How to Prepare Your Makeup for Set

AUGUST 17, 2020
Woman looking in mirror applying makeup basics like blush.

The next time you’re cast by Central Casting, the set you work on many look and function differently than you’re used to. While each production is different, you may find that you have less interaction on set with the wardrobe, hair, and makeup departments than you have in the past. To help you put together the best makeup looks and ensure you show up to set camera ready, we put together a guide on the makeup basics you should know.

Always start with your details

When you’re cast for a role, your booking details will usually come in the form of a Details Blog and include information on the makeup, hair, and wardrobe looks you’re expected to create. It’s extremely important to read your Details Blog fully and carefully to make sure you have all the information you need for your booking.

Depending on the type of production, setting, time period, and your category, you may be given a very specific makeup style to emulate or there may be room to create your own look. In these cases, keep in mind the role you’re playing and what is believable for that category. It’s not likely you’d see a nurse with full runway makeup or a teacher rocking a night out smokey eye, so while you can have fun with some looks, they still need to be realistic. If you’re not sure or need some inspiration, episodes of the show you’re booked on or shows similar to it are a great way to get ideas for makeup in your category.

Basic makeup looks

When your details don’t include specific makeup information or when you’re instructed to do a natural look, that usually means a base foundation, mascara, and light blush. Once you get to set, the makeup department may give you tips on how to complete your look using the products you bring with you.

For men, some roles may require you to do your own makeup, like certain club or party scenes. Otherwise, a translucent powder is always a great idea to help control shine while on set.

If you are looking for ways to perfect your background skills, there are many tutorials for women and men on YouTube that show basic makeup looks for your skin tone.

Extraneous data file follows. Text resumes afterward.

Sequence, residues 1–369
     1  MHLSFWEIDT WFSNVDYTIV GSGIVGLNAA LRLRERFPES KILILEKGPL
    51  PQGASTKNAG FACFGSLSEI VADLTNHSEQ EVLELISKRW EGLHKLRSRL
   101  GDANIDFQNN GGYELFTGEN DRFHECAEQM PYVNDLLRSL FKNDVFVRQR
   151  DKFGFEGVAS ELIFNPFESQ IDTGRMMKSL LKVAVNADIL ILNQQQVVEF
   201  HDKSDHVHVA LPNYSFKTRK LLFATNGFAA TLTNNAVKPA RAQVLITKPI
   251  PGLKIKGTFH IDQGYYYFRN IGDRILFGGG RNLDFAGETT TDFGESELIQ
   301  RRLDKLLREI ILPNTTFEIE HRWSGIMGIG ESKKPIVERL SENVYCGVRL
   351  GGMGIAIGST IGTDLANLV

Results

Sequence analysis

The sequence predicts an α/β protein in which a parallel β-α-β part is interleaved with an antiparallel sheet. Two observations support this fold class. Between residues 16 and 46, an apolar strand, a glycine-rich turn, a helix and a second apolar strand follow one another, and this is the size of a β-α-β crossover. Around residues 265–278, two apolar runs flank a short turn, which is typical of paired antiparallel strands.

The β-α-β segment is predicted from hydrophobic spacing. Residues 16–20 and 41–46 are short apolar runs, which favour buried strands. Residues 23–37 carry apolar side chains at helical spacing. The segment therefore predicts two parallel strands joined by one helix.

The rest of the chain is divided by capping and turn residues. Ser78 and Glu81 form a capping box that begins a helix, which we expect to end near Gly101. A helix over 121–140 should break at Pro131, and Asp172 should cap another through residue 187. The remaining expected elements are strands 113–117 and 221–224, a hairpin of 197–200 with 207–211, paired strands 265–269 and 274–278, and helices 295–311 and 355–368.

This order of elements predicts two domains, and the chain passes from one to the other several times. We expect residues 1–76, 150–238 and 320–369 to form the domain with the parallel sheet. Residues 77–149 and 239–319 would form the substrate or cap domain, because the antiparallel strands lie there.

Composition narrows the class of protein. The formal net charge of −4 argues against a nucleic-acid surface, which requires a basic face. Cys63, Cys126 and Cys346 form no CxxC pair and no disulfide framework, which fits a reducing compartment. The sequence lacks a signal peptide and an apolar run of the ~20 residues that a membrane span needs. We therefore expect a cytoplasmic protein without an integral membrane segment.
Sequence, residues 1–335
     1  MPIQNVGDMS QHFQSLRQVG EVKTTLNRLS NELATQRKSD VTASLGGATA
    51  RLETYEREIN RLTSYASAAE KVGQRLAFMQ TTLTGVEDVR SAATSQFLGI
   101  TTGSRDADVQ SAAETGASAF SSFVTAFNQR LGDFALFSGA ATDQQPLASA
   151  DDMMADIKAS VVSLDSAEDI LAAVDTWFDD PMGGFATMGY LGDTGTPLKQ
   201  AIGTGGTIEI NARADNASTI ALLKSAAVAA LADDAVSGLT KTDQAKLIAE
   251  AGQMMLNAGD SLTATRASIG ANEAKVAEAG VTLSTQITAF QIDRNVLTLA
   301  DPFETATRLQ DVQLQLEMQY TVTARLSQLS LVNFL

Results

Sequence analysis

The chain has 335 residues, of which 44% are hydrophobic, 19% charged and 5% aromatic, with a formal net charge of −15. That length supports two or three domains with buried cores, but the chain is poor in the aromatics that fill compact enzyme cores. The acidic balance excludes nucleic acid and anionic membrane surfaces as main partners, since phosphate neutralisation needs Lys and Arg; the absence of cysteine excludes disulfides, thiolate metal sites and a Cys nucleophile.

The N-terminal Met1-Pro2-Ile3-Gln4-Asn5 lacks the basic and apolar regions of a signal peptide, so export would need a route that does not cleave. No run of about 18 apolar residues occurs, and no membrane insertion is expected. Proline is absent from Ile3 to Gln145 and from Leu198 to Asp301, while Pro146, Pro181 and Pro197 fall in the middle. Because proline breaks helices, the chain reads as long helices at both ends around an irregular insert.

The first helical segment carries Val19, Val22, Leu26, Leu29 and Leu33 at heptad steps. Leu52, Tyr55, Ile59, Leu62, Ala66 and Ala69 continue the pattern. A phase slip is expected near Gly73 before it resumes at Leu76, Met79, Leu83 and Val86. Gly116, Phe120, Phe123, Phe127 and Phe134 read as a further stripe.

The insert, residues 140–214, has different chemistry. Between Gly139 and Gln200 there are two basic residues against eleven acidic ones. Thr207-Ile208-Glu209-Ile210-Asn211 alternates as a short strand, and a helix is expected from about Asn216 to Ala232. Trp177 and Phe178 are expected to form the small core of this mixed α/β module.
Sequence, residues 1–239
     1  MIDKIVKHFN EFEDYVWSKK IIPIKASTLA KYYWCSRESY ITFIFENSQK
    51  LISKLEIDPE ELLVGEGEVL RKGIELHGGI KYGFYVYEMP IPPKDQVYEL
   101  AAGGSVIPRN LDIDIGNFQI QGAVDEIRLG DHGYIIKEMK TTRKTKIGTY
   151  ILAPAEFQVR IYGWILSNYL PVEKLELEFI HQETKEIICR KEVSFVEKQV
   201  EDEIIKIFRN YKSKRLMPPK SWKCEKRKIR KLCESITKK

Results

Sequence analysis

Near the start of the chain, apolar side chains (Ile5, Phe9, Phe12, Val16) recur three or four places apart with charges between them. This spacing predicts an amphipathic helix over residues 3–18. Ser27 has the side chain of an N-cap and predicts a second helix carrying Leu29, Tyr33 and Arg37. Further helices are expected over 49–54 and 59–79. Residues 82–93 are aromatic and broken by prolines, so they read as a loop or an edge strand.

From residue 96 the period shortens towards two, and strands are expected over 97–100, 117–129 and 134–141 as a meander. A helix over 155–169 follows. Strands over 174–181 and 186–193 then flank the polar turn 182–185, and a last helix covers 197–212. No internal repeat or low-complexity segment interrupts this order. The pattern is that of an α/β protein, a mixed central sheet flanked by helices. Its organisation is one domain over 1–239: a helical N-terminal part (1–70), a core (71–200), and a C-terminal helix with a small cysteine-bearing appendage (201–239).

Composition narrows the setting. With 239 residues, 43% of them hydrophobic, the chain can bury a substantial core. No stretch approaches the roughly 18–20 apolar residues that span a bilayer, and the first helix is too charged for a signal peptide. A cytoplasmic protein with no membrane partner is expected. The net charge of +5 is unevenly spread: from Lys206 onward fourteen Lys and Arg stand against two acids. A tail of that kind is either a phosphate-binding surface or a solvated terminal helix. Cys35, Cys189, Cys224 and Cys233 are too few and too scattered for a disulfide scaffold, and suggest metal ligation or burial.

Be aware of when your show takes place

Like fashion, makeup can instantly transport you back to a certain period in time and also be noticeable when it’s out of place. While many of today’s popular looks, like cut crease eyeshadow, originated in past trends, it doesn’t mean your go-to techniques will work for the period role you booked.

Before you get ready for set, be sure you understand the setting and colors of the era. For example, the 1980s trended toward frosty and pink palettes, while the ’50s were more matte with defined red lips. Using the incorrect colors for a time period can ruin an entire look. Remember, it’s always easier to add than remove. If you’re unsure of a color or how far to take a certain look, it’s better to do your makeup conservatively and bring your products to set so the makeup department can suggest how to add the finishing touches. As always, if you have questions about your details, you should call your Casting Director to clarify before getting ready or heading to set.

Don’t forget your nails

Your nails can be as important a part of your look as your hair, makeup, and wardrobe. Gel and acrylic nails are very contemporary and don’t work for most period projects. If you have gels, acrylics, or modern nail art, be sure to read job posts carefully before submitting to make sure your nails can fit the look of the project. If you’re not sure, please ask the Casting Director about nail requirements before submitting or accepting an offer for work. It’s better to know beforehand so there are no surprises when you get to set.

For more on how to get ready for set, check out our articles How to Prepare for Your First Day on Set and 21 Production Terms Every Background Actor Should Know.

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By Meghan Dubitsky

Article Category:

Hair & Makeup